Monday, March 9, 2009

Salta II - Quebrada de Humahuaca

After the 14 hour epic excursion to the altiplano Saturday, Sunday was a much needed sleep-in (relative term after 4am bedtime and 10am start) and rest day. Sundays are taken pretty seriously in this part of the world, and pretty much everything of note bar a few restaurants was closed for the day. Thankfully an exception was made for Salta's premier museum, the Museo de Arqueología de Alta Montaña (MAAM). MAAM is most famous for the Llullaillaco children, young Incans sacrificed to the mountain gods 500 years ago and discovered by a combined mountaineering/archaeological team in the 90s.

It's one thing to read about child-sacrifice but quite another to see the amazingly preserved (they were left at 6730M of altitude) bodies and above all faces of little kids, faces you could also see today in the surrounding town. My friend Brendan wrote of the impact stories of Incan child sacrifice had from the perspective of a father of two school-aged girls, also noting some of the more recent (if less physically violent) cruelty the church inflicted on young girls and their families. The impact is no less on a father-of-none ! Easily the best museum of the trip - notwithstanding the triple-priced entry ticket for non-Argentineans (grrrrr).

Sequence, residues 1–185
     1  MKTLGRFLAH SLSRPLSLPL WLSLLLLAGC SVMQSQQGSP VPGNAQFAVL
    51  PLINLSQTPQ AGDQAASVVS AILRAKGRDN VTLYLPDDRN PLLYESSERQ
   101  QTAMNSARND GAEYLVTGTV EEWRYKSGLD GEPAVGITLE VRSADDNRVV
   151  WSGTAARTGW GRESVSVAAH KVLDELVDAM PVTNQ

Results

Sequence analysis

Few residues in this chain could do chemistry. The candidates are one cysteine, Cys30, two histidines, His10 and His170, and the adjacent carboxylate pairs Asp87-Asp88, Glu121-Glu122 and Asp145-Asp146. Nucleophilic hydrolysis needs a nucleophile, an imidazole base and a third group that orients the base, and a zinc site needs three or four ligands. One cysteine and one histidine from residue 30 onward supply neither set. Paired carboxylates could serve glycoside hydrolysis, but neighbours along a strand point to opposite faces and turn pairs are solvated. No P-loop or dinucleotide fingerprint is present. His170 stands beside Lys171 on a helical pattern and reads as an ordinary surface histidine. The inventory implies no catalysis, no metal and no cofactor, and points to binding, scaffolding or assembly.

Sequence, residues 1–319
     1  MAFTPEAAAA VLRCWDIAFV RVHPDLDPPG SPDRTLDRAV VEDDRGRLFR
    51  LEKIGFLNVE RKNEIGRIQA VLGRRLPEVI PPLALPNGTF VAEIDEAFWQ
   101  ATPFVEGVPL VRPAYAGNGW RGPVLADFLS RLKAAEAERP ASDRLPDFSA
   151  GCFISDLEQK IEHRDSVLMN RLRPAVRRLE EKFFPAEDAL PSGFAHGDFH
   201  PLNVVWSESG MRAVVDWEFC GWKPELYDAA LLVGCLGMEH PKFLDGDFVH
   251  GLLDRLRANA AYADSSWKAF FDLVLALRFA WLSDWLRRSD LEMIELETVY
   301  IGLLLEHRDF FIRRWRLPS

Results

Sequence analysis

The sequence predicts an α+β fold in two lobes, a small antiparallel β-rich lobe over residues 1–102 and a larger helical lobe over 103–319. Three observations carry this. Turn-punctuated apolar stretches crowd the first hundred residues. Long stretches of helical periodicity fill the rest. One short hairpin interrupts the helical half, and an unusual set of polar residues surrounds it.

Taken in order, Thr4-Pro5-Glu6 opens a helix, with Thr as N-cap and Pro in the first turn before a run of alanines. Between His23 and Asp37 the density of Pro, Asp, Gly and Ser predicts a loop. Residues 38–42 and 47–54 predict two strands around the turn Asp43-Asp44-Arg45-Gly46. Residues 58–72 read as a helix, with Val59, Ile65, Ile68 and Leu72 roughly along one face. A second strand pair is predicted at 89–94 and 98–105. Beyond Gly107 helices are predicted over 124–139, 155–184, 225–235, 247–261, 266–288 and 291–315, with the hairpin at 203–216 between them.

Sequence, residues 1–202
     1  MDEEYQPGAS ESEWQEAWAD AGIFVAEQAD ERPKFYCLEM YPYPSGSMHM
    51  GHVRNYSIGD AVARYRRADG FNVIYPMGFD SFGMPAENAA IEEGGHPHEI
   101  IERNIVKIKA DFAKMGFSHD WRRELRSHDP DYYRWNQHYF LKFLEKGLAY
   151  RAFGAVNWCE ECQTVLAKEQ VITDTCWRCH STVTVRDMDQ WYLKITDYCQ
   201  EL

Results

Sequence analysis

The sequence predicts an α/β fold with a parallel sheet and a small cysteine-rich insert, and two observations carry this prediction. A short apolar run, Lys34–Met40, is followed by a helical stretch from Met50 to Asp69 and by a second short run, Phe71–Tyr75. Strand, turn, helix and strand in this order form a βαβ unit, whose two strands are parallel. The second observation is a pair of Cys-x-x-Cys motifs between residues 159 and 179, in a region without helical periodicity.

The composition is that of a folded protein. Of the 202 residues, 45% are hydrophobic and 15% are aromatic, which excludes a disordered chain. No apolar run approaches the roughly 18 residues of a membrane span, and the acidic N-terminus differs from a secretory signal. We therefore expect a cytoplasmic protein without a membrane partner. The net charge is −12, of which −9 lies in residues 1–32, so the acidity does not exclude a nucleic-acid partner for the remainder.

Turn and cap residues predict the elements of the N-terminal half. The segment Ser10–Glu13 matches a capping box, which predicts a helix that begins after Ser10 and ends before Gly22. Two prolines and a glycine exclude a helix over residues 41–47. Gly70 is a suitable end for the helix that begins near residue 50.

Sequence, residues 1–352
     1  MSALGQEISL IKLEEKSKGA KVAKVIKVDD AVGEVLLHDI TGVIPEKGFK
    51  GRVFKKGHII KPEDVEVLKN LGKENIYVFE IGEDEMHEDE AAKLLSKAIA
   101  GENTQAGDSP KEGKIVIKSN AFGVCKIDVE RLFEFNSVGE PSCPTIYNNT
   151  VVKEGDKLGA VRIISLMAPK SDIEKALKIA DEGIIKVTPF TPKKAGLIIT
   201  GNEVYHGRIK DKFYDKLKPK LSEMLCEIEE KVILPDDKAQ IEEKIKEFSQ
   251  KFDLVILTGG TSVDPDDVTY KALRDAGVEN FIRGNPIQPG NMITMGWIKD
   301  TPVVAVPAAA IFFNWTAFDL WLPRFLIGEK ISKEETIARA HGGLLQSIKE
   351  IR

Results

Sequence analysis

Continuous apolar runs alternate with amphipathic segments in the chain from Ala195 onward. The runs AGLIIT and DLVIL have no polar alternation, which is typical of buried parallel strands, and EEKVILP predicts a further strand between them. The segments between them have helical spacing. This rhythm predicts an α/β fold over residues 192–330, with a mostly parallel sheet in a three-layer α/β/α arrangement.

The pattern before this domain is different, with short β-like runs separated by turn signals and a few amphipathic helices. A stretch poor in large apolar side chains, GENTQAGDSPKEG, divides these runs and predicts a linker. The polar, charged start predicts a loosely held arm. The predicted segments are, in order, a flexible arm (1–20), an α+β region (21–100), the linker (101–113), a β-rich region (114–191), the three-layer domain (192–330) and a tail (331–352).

Monday morning was another 7am start for the second epic mini-bus tour of the area around Salta. The make up of this group was quite different from that of the Saturday tour - apart from an Irish couple, everyone else on the bus was Argentinian, all of them (apart from Salteño Fernando the guide) from Buenos Aires. I took advantage to tune my ear to the peculiar dialect spoken by Porteños and shamefully kept my nationality (and supposed proficiency in the English language) hidden from the Irish pair until quite late in the trip !

Monday's Bus is full of locals ...

The highlight of this tour was visiting the famous Quebrada de Humahuaca, a UNESCO heritage listed gorge running about 100 km from the town of San Salvador de Jujuy (itself 2 hours north of Salta) to the eponymous Humahuaca. First stop was the little market town of Purmamarca, the last stop on Saturday's tour. The light was a little better this time, showing off the towns famous backdrop, the Cerro de los Siete Colores:

Seven Colour Hill

The gorge (Quebrada) is famous for multi-coloured mountains and picturesque villages, and didn't disappoint on either count. Unfortunately though stops were in towns rather than on the roadside so photography was mostly of the through the bus window variety:

Lunch was in the village itself, where it appears a deal has been established to have tours conducted by local males. As we approached the bus was waved down and a local lad hoppped in and introduced himself to our guide - and the rest of us. You can guess which one he is in the photo below: